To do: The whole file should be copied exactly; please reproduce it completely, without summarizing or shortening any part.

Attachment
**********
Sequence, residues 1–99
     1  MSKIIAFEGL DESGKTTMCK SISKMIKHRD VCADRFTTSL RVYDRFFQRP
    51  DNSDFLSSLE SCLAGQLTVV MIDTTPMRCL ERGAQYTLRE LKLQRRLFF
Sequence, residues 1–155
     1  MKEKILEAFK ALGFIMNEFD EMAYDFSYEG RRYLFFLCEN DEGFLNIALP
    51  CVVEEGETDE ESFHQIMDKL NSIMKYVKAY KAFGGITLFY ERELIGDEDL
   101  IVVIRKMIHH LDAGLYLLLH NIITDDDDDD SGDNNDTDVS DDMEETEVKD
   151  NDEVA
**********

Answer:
Sequence, residues 1–99
     1  MSKIIAFEGL DESGKTTMCK SISKMIKHRD VCADRFTTSL RVYDRFFQRP
    51  DNSDFLSSLE SCLAGQLTVV MIDTTPMRCL ERGAQYTLRE LKLQRRLFF
Sequence, residues 1–155
     1  MKEKILEAFK ALGFIMNEFD EMAYDFSYEG RRYLFFLCEN DEGFLNIALP
    51  CVVEEGETDE ESFHQIMDKL NSIMKYVKAY KAFGGITLFY ERELIGDEDL
   101  IVVIRKMIHH LDAGLYLLLH NIITDDDDDD SGDNNDTDVS DDMEETEVKD
   151  NDEVA